2.2.2 Stages of Relapse
Hart identifies emotional relapse as the initial stage where the victims on a recovery process prefer not to think about their addiction. Therefore, this stage is associated with denial, and one can identify this stage based on several symptoms. In this state, an individuals behavior depicts isolation, withdrawal, and limited involvement and participation when engaged in an activity. A person is associated with low self-care, which takes the physical, emotional, and psychological dimensions. At this stage, lack of appropriate intervention may lead to prolonged poor self-care that increases the possibility of the victim advancing to the next relapse stage. Therefore, Hart recommended early and proper therapies meant to assist the affected person to acknowledge their denial and improve their self-care based on the magnitude of the emotional relapse.
Hart went ahead to explain the second stage called the mental relapse, which emanates from the lack of interventions during emotional relapse. At this level, Hart argued that the person is subjected to constant mental controversy where a part of them insist on going back to the previously abused substances while another part insists on refraining. Therefore, the victim is subjected to antagonistic mental pressure. Nevertheless, since the previous stage was not associated with any notable intervention, the capacity to resist declines slowly as the tendency to a high desire increases. At this level, the victim recalls the moments associated with the past use and addiction, which may include the people and places. In some cases, the individual may also be having intense cravings, start planning for opportunities, and develops bargaining tendencies to justify their mental convictions. Most people at this stage of relapse establish mechanisms, which they believe will be essential in controlling the use of the previously abused substances. Hart explained that therapeutic interventions should be channeled towards reducing high-level risks as well as the chances of advancing to the final stage of relapse. Moreover, Hart affirms that the ability of interventions to bring positive changes depends on the level of mental convictions the person has attained or developed. For example, a victim of relapse with a firm belief that avoiding high-risk is weakness or are associated with strong bargain thinking may pose a challenge for specialist during the therapy process.
The final stage as Hart highlighted involves the physical relapse, which he explained involves the repetition of indulgence or reuse of the substances. The person goes back to the initial stage before the initiation of a recovery process. Hart pointed out that the step involves the lapse where an individual starts using the substances at the same rate as the first addiction. After some time, the person thinks about the previous use and starts failing to appreciate the magnitude of indulgence, which leads to unlimited use, which he called the relapse. At this stage, Hart categorically stated that the victims usually take advantage of existing opportunities. Therefore, at this stage, a more advanced method is required to discourage the developing tendency since a high mental conviction during mental relapse affected the capacity to judge from the perspective of the associated effects.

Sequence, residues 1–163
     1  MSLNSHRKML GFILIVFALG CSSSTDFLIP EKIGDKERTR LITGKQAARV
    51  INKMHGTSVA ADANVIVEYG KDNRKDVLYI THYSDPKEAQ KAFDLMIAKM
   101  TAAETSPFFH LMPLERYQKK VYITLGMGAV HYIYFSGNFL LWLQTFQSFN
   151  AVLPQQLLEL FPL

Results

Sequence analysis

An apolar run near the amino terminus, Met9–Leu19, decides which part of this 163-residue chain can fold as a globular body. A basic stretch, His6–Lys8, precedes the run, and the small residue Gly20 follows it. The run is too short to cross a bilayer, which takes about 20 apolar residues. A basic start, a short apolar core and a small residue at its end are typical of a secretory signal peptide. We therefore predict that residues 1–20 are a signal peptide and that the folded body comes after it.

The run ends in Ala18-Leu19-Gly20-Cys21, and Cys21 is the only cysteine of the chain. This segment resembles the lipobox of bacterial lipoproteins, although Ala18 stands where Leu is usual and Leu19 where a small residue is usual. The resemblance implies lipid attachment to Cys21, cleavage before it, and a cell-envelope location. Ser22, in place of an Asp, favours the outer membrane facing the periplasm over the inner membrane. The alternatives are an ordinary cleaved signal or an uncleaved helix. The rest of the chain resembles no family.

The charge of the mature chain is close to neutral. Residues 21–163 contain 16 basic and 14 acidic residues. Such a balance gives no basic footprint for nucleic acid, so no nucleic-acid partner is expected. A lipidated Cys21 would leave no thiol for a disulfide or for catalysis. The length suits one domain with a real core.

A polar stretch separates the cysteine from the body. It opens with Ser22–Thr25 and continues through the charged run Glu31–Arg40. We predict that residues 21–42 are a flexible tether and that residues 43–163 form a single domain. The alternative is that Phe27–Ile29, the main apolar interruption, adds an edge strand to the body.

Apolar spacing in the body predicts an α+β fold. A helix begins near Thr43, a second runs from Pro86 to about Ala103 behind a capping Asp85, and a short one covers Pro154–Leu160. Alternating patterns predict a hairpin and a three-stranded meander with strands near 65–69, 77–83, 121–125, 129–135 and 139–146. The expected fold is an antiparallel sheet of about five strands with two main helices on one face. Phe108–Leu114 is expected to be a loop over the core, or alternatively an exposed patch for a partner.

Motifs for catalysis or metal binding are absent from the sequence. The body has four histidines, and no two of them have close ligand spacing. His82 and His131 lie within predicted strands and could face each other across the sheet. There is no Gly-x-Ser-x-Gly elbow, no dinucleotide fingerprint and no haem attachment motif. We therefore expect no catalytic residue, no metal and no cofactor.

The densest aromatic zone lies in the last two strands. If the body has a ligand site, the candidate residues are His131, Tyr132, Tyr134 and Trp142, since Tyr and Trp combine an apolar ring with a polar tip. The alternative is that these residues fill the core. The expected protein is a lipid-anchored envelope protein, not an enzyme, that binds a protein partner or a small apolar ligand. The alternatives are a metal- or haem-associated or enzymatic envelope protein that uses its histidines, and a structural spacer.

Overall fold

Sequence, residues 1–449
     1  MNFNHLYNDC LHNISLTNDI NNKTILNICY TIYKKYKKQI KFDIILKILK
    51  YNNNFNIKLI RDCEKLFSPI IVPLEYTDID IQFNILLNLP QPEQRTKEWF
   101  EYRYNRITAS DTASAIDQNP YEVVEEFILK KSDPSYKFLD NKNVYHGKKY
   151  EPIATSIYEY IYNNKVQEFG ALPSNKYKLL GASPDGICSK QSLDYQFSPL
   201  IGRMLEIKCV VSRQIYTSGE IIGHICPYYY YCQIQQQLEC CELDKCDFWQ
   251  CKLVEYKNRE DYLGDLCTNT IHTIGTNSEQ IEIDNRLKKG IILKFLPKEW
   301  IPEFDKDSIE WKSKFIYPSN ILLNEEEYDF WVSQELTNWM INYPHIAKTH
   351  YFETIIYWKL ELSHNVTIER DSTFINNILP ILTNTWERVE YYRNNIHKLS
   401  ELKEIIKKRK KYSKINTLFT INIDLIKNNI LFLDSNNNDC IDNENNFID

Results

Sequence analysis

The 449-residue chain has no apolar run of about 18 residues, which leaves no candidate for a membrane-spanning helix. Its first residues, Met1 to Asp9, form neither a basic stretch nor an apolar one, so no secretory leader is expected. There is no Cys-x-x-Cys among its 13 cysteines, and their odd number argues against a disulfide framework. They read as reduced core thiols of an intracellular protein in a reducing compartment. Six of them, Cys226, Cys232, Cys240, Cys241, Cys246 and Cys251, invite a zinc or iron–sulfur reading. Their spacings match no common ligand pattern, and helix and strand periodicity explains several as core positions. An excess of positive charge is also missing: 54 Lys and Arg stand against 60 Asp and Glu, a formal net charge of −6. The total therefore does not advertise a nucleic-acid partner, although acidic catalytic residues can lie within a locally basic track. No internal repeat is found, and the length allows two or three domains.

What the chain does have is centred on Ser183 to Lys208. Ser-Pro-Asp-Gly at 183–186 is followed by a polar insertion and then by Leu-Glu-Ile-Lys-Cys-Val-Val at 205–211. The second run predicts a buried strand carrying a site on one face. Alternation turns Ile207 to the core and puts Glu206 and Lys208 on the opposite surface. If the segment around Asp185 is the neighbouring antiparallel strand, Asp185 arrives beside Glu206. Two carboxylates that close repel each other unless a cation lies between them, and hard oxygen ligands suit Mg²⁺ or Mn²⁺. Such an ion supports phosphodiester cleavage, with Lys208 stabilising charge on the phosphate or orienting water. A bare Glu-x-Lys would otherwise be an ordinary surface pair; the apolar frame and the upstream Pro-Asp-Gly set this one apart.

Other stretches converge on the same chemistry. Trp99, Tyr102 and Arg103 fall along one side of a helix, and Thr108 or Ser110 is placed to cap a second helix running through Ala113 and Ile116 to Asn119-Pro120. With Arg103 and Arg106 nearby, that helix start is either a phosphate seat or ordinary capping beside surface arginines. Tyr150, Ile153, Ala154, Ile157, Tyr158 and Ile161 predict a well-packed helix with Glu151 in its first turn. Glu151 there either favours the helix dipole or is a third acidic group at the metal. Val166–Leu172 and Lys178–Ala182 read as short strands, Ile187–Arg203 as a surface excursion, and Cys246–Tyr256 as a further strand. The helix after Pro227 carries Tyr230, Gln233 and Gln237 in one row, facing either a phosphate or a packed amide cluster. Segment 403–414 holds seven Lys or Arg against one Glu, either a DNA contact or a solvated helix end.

2.2.3 Response on Prevention and Reliability of Cognitive Therapy
During the interview, Hart explained that the process of preventing relapse should be based on cognitive therapy, which is focused on transforming the metal thoughts to a more stable status to encourage active and healthy thinking. The tendency to relapse is based on the ability of individuals to dwell on experiences, which awakens the previous desires. Hart outlined how those affected by addiction tend to accumulate negative thinking mingled with fear of the unknown and belonging. However, effective strategies meant to balance between positivity and the negative tendency will be essential if the focus will be channeled towards reducing the cognitive obstacles to the effective recovery process. Individuals experiencing relapse mostly are concerned with what other persons are thinking about them, worry about what they might became, afraid of changes, and in some case, are unable to comprehend life without the substances initially abused. Therefore, according to Hart, cognitive therapy should consider the diversity of mental perceptions of each person, which is significantly diverse.
Moreover, Hart pointed out that the process of thinking during the onset of relapse is characterized by the additive-based thoughts and reasoning, which tend to negate any positive thought that might cross the mind. At this stage, cognitive therapy becomes essential in ensuring that the anxieties, depressions, and resentments are under control. Since most recovering individuals tend to perceive failures as drawbacks, Hart explained that such phenomenon is critical for them, which requires an external boost to encourage positivity. During the interview, it was also evident that the capacity of an individual to handle setbacks determines their ability to resist advancing from mental relapse to physical relapse. Therefore, Hart ascertained that cognitive therapy is essential in redefining fun, stabilizing fear, and setting the baseline where individuals can positively learn from setbacks. Such achiev...